Was this ‘model-cold’?

Remember this forecast? February 2021 and it verified! (Copyright 2021 by KPRC Click2Houston - All rights reserved.)

A lot of talk the past couple of days has been about a Christmas cold arctic blast...which seems to be warming up with each new model run. I’ve had a number of emails concerning single-digit or teens Christmas Eve and Day. Well, we know that can happen...my first Christmas working in Houston I was on duty for these miserable temperatures:

Brown outs were common during this Christmas cold snap in 1989. Courtesy National Weather Service

Look at the 7° on Dec. 23 followed by 11° on Christmas Eve and 20° Christmas Day!! I had just arrived in April 1989 to the sunny southwest town of Houston and thought “where have I moved to?”! That’s me below forecasting those crazy cold numbers:

Back in 1989, forecasting frightening freezing temperatures

And we all know from February 2021, that a week of severe cold is possible and also fatal:

A week of cold! Courtesy National Weather Service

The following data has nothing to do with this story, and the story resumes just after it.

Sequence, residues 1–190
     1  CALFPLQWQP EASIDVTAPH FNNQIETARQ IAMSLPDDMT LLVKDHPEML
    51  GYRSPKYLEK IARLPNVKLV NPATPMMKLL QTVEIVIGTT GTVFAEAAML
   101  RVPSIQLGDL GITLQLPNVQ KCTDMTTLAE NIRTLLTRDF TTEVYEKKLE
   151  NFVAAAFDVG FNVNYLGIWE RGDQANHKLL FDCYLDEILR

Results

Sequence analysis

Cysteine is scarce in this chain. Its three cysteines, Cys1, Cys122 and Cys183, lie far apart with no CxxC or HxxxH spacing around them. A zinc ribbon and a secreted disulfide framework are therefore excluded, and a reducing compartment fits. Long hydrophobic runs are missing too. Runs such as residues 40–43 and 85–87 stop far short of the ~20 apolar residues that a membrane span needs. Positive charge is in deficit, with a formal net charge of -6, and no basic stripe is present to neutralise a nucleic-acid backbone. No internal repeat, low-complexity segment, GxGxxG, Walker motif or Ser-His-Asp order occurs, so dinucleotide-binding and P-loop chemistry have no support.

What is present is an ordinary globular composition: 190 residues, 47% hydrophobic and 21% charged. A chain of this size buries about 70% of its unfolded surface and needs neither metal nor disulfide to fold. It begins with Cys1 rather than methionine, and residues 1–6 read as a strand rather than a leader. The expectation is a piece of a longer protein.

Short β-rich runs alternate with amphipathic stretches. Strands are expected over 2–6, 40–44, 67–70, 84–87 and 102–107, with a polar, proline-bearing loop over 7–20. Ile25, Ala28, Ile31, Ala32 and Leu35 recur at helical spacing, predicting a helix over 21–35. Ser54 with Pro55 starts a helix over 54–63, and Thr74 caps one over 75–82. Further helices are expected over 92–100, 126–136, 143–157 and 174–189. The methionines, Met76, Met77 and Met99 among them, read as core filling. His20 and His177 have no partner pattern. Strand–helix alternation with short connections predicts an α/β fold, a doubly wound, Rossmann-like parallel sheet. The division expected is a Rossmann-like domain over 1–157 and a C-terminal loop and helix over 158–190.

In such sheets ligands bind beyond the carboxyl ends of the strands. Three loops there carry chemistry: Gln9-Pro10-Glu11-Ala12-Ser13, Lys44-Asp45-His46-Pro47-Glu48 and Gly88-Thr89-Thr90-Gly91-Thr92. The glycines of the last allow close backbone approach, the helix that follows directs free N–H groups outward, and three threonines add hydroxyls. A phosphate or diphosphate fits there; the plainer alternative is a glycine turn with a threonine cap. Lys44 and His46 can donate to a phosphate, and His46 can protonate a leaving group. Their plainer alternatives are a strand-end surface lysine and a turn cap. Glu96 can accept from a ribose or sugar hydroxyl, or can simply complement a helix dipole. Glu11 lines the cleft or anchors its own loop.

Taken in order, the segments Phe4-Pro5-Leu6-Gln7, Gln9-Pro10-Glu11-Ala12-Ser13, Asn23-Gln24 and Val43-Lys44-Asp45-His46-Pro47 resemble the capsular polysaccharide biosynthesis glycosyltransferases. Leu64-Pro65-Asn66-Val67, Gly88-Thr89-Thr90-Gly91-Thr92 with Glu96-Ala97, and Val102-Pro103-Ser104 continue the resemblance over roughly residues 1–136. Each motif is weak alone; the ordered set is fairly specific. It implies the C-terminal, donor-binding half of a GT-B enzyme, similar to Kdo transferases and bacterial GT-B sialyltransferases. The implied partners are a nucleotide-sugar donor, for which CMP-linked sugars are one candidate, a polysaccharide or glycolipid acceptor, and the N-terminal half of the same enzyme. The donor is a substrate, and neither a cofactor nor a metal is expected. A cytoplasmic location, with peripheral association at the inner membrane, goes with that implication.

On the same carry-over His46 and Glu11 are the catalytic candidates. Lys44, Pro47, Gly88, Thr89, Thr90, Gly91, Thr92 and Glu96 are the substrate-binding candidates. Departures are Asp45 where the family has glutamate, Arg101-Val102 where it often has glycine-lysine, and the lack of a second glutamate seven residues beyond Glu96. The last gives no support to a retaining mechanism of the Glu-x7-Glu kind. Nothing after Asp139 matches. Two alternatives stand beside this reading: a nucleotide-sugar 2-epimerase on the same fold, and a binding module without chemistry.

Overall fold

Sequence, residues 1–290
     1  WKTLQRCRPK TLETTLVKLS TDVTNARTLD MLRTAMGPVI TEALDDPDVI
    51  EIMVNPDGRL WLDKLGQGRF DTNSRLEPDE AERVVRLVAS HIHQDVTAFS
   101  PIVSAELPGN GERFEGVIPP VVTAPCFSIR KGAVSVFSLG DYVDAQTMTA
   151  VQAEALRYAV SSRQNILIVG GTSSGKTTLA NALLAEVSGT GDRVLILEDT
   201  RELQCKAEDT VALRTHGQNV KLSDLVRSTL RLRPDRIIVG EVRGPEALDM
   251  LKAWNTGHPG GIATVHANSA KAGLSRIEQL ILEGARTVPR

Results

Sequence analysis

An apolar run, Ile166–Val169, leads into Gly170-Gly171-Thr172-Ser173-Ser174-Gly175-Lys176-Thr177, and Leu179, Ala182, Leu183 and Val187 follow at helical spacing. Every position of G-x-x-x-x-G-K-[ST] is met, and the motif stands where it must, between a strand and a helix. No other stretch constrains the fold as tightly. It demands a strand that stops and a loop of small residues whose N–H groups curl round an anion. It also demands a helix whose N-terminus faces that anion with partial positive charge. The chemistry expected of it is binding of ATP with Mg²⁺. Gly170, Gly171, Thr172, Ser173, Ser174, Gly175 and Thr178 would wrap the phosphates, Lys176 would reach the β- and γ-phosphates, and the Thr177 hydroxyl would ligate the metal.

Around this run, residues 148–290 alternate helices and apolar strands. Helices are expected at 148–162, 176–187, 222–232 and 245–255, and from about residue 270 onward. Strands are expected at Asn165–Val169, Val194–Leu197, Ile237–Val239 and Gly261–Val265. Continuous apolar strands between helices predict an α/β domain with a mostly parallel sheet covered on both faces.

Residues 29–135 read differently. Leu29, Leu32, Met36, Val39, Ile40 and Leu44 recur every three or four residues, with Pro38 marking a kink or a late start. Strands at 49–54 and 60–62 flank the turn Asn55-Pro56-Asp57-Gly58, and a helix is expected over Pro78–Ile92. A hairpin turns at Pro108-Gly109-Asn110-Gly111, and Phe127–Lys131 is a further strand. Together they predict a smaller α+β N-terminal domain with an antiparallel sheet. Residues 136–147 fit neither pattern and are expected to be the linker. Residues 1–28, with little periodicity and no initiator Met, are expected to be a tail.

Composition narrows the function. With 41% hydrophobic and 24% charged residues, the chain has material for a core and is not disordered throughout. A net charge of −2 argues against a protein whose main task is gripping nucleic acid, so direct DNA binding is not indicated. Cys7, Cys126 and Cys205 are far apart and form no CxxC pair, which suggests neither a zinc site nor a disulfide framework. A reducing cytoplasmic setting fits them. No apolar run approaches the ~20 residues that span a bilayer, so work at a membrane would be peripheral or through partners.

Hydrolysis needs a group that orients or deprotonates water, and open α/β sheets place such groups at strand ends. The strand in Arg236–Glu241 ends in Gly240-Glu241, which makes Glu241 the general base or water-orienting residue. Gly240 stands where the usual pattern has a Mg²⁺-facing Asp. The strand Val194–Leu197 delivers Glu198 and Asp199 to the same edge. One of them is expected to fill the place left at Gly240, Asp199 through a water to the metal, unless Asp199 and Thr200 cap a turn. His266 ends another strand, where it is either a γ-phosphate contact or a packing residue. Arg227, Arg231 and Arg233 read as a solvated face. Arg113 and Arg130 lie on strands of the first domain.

So when forecast models Monday and yesterday went all out bone-chilling cold for Christmas weekend, a lot of media outlets noted that trend with the cautious warning to keep an eye out (or at least a parka handy). Today’s model runs are already bucking that trend coming in warmer. Here’s a comparison of the American and European, green to light blue is warmer than those purple areas:

American vs European model for long-range cold temps (Copyright 2022 by KPRC Click2Houston - All rights reserved.)

In fact, looking at yesterday’s morning run from the American model compared to this morning shows how much of the cold air is more north and east of us. Note the purple/white areas are out of the Panhandle and the ‘green’ warmer air has moved into South Texas.

courtesy tropicaltidbits.com

So what’s going on? The fact is that the American and European models are GLOBAL models, forecasting in as much micro-detail as possible, but almost every forecast from these models is more about “guidance” than “specificity.” Just as I have told you about model-canes in a previous blog, any forecast for temperatures more than a week out could easily be called “model-cold”!

We’ll continue to watch the temperature trends for Christmas (after all, it’s Christmas!), but for now it looks to be a nice, crisp cold weekend, but not dangerously so.

Happy Holidays!


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About the Authors:

KPRC 2's chief meteorologist with four decades of experience forecasting Houston's weather.

Amanda Cochran is an Edward R. Murrow award-winning journalist. She specializes in Texas features, consumer and business news and local crime coverage.